This cycle continues until you run out of gas, road, or time. In the case of me and the S2000, I ran out of road a handful of times, and went through two tanks of gas, but time was what did me in. I enjoyed the car so much that I’m even now debating an after-market exhaust for the 370Z.
All the electronics worked – it’s a Honda, so of course they did. The owner kept a phone mount in the car, and had an AUX cable poking out from behind some trim (they were likely not common when the car was first out, so the installation was probably aftermarket). The retractable top was quick and smooth, although a segment of driver’s side window trim didn’t want to stay put (the easiest fix to which is just to keep the top down). There were no minor annoyances to deal with.
The driving still holds up, and the rest of the car doesn’t get in the way. It’s that kind of brilliance that makes the S2000 such a great car. Between Honda’s nigh bulletproof electronics, and the S2000’s totally unique engine, they provide an experience that is wholly unique, and the prices in the used market reflect just that. But there’s even more at play here.
The S2000 is known for its naturally aspirated engine that revs to the moon and back – it’s a critical element in sports car design and engineering. Turbos might be effective at drawing out more power as well as fuel economy, but the progressive, direct response to driver input and the simplicity therein make naturally aspirated engines a favorite in the car community.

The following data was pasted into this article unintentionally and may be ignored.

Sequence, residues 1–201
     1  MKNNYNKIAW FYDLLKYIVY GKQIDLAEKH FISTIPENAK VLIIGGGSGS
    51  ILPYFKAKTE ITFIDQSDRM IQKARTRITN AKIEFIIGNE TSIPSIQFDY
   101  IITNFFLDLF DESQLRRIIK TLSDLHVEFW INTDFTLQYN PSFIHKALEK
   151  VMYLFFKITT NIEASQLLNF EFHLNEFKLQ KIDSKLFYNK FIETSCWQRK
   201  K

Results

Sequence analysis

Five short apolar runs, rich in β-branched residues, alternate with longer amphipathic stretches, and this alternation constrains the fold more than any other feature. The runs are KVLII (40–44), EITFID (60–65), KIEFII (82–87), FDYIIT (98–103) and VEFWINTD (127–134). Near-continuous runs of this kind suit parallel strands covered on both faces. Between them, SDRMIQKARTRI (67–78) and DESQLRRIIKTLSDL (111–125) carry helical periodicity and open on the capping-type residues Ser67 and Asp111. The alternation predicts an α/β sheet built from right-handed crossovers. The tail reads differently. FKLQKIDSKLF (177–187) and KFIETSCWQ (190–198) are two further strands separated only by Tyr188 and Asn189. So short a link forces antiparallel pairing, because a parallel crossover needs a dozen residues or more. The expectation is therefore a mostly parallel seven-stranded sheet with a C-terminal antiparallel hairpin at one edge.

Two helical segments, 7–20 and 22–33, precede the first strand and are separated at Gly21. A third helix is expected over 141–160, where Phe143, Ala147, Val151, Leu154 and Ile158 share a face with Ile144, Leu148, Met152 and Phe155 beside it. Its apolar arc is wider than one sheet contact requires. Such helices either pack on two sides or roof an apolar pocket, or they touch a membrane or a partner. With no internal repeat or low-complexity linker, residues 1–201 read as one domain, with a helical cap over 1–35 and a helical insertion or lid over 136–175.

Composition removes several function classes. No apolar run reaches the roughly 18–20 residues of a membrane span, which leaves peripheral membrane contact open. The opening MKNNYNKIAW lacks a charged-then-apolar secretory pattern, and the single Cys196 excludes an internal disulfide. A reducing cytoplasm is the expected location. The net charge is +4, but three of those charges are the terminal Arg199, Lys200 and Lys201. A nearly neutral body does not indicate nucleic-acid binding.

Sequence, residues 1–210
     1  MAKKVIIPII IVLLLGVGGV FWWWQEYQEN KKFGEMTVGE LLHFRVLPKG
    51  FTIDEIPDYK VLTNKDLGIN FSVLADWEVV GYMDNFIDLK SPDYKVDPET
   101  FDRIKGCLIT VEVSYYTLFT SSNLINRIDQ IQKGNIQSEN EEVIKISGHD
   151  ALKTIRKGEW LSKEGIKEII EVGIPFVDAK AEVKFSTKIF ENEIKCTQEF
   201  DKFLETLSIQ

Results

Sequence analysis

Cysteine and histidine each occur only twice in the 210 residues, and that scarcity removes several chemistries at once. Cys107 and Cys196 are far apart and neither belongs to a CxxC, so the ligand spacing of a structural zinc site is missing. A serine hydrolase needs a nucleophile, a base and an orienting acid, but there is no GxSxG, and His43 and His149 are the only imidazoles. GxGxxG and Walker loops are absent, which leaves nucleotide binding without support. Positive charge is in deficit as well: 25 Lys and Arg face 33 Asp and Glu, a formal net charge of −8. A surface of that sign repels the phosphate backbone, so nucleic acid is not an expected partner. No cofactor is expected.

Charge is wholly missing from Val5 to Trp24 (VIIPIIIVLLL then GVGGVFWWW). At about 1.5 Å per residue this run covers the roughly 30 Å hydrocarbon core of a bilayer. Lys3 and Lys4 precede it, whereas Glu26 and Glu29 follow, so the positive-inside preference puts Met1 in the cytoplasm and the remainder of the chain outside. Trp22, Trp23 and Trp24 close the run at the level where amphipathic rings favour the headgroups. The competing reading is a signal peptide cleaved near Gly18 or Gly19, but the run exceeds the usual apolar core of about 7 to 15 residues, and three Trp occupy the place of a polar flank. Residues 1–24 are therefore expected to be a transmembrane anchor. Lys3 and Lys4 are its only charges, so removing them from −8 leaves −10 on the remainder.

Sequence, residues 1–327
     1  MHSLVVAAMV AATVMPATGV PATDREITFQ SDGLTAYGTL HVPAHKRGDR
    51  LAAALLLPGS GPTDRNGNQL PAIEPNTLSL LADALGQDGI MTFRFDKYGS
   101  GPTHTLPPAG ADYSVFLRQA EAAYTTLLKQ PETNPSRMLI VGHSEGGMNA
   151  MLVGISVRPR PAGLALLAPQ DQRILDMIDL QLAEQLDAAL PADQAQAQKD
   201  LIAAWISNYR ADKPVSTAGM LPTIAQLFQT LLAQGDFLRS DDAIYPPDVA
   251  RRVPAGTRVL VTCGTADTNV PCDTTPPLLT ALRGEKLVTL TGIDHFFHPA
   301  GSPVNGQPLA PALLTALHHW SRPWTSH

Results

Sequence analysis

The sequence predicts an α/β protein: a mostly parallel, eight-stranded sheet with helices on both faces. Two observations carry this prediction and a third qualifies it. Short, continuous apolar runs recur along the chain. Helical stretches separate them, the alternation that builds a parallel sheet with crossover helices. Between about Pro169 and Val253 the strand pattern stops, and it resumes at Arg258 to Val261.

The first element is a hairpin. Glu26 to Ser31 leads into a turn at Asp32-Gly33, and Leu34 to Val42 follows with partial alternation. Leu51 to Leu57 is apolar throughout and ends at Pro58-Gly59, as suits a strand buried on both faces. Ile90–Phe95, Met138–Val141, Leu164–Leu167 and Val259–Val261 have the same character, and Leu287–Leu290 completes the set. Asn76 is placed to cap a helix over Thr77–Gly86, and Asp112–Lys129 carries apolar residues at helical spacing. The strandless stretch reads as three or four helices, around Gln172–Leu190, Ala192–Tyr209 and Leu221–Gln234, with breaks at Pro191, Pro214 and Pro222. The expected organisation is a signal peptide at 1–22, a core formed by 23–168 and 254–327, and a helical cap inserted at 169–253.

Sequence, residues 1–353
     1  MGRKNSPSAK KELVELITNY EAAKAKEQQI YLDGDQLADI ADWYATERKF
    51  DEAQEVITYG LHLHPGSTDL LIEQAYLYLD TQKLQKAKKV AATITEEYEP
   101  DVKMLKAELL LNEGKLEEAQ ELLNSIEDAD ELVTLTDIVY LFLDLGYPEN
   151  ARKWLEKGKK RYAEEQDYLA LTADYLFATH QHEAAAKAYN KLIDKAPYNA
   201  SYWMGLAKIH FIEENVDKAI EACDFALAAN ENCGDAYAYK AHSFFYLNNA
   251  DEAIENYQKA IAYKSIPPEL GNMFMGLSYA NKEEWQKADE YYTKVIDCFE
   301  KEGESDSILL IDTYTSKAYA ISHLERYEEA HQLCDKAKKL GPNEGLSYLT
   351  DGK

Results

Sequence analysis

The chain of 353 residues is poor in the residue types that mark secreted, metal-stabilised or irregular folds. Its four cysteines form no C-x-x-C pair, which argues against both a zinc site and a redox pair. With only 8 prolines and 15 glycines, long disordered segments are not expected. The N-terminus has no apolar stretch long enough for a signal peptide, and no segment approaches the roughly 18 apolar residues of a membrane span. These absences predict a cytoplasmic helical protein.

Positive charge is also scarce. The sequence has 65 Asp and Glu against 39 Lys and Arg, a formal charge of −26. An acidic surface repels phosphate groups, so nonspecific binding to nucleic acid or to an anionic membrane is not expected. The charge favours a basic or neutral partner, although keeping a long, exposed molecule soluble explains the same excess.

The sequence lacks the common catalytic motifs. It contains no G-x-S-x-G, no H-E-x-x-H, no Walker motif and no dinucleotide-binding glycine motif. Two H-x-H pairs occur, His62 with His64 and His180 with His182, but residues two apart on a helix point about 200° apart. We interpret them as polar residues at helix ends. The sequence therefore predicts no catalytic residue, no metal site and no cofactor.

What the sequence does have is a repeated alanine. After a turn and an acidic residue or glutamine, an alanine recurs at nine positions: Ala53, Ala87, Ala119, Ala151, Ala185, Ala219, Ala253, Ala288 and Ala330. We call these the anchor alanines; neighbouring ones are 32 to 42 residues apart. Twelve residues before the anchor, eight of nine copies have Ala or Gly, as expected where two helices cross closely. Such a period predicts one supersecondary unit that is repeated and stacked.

Automakers are turning away from naturally aspirated engines in droves, as they find it difficult to meet emissions standards without including turbos. More importantly, fewer and fewer people are placed in a position where they have to buy cars (thanks to wider availability of services like Uber, a big population shift to urban centers, and just general environmental concerns). Without sales of fuel-efficient econoboxes, car makers are going to continue to be challenged in meeting strengthening emissions standards (driving the next big jump to hybrid electric powertrains).
The sum total of that means that the S2000 is not just a modern classic, but that it could be the last great internal combustion sports car that Honda makes. That alone means you should buy one – or at least, rent one.